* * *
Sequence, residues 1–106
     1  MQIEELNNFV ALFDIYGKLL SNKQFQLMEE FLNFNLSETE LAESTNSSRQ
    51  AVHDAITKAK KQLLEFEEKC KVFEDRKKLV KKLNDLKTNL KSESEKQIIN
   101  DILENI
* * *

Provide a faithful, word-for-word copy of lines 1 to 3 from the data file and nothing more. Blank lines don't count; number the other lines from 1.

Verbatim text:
Sequence, residues 1–106
     1  MQIEELNNFV ALFDIYGKLL SNKQFQLMEE FLNFNLSETE LAESTNSSRQ
    51  AVHDAITKAK KQLLEFEEKC KVFEDRKKLV KKLNDLKTNL KSESEKQIIN